Even if the McDonnell Douglas F-4 was developed as interceptor in response to the need of the U.S. Navy to protect their aircraft carrier, the ultimate version of the Phantom II was the USAF F-4E, a multi role fighter which was also sold to several air forces around the world. One of the countries to receive the F-4E was Israel that bought the first examples in 1969 and later made the Phantom the mainstay of its Air Power bringing the F-4 in all the major Arab-Israeli conflicts.
In 1973, during the Yom Kippur War, the Israeli Air force (IAF) found itself facing an Arab Air Forces coalition which was composed not only by Egyptian and Syrian fighter squadrons, but also by units from Algeria, Iraq, Libya and … North Korea, that deployed a MiG-21 squadron to Bir Arida to protect Egypt’s south.
Obviously, at the time, IAF pilots didn’t know that some of the MiGs they would face were from North Korea. However the first engagement between North Korean pilots and Israeli pilots took place on Oct. 6, 1973 when two F-4 Kurnass (Sledgehammer) pairs from 69 and 119 Squadrons were scrambled from Ramat David Air Base for a patrol over the Gulf of Suez sector.
The F-4s of the two squadrons were teamed together and the 69 pair (which had their crews formed by Shadmi and Gur on board the first aircraft and Shpitzer and Ofer on the other one) leading the mission.
Image credit: IAF
It was only after a long patrol, when the jets were already low on fuel, that the F-4s were vectored towards Egypt’s west-northwest: although the high altitude, between 20,000 and 25,000 feet, Gur was able to detect with its radar a pair of bandits down below, very hard to lock. Thanks to the GCI (Ground Control Intercept) the crews could track the two enemy aircraft and enter in the range for an AIM-7 shot, despite the ground clutter. But due to the bad weather they were unable to see their wingman, so Shadmi and Gur decided not to lunch the Sparrow.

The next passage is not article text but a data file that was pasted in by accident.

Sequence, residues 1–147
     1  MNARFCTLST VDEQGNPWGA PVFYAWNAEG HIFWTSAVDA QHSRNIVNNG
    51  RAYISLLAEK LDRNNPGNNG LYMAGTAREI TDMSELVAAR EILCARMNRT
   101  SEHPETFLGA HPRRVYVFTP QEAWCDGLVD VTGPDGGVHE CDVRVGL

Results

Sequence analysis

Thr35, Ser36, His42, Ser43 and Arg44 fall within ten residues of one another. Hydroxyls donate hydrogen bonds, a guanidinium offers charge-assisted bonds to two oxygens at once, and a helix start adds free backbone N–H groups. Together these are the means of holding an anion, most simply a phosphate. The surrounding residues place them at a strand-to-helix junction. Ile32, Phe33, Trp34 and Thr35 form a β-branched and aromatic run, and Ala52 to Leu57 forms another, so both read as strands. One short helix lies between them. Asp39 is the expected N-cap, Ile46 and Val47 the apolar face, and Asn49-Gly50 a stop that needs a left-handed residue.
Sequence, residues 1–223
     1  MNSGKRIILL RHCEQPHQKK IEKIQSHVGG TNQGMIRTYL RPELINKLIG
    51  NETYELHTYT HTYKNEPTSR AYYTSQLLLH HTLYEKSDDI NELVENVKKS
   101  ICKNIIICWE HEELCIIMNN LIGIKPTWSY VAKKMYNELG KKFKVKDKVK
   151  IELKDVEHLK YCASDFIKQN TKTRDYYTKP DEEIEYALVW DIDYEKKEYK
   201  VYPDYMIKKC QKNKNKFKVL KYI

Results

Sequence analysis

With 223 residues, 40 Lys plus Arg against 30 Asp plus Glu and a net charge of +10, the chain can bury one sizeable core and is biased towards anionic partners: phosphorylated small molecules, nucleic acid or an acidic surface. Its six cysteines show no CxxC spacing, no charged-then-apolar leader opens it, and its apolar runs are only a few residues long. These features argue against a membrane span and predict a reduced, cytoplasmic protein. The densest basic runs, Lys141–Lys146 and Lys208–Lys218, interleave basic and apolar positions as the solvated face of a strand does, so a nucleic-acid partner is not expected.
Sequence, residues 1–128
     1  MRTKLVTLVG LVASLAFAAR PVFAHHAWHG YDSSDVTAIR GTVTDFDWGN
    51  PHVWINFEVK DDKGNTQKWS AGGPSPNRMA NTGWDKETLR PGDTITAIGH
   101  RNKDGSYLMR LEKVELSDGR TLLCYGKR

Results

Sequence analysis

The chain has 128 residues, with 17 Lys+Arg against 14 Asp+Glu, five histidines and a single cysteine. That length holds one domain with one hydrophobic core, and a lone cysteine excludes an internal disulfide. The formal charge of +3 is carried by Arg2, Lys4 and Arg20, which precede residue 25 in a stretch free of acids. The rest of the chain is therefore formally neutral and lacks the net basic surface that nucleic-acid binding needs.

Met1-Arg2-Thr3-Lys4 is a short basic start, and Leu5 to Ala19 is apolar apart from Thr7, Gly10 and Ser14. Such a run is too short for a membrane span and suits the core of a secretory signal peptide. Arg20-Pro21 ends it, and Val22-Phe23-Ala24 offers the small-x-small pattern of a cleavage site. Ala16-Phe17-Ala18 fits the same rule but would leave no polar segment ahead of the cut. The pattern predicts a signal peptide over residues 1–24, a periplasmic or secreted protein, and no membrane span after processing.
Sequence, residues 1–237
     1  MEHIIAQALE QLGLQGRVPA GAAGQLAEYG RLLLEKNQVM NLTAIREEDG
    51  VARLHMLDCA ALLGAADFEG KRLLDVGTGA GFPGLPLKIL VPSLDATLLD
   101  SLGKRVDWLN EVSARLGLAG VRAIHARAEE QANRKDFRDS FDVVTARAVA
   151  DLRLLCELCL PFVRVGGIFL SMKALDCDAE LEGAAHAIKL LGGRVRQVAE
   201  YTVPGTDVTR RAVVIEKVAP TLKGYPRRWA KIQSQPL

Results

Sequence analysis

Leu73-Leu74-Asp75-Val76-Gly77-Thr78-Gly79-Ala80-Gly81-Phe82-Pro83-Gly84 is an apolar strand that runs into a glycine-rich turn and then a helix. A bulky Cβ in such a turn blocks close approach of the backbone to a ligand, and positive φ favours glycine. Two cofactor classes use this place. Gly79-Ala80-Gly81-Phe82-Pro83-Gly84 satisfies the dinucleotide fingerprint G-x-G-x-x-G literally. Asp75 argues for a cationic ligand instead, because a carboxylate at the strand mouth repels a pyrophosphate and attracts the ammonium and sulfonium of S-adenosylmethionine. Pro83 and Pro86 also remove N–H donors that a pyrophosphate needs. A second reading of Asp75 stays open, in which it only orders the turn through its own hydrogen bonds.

Just few seconds later the two F-4s’ crews identified the two bandits as a couple of MiG-21s and immediately engaged them: one of the MiG disappeared, while the other Fishbed stayed for a 1 vs 2 combat. The North Korean pilot was very good and, despite the fact it was alone against the two Kurnass (plus the two 119 Squadron F-4s which were flying overhead), tried to slow the speed in a dogfight attempting. But the two Israeli fighters maintained high speed, they got into missiles launch position and Shadmi and Gur launched an AIM-9D. After a second, they launched another Sidewinder which was followed by a third AIM-9D launched by Shpitzer and Ofer from the other Kurnass.
All the missiles exploded very close to the MiG, but the Fishbed continued flying. At this point, the Israeli Kurnass were already low on fuel and they turned east heading home. Gur looked at the MiG and while it turned west, he noticed the Fishbed was leaving a white smoke trail. Suddenly after the F-4s crossed the coastline, Gur saw the trail of a SAM and then an explosion at 20,000 feet, where before there was the MiG-21: Egyptians shot down one of their aircraft!
The pilots knew only when the war ended that the MiG-21 belonged to North Korea, while after the Kurnass landed, Shadmi and Gur shared the kill with Shpitzer and Ofer because they were notified that the MiG had crashed. But the crews told what they saw and in fact later it was confirmed by the IAF Intelligence that the Egyptian Air Defense Force shot down one of their Fishbeds.
Image credit: IAF
Today the 69 Squadron Hammers is based to Hatzerim Air Base flies and it the powerful F-15I Ra’am (Thunder) which replaced since 1998 the mighty F-4 Kurnass.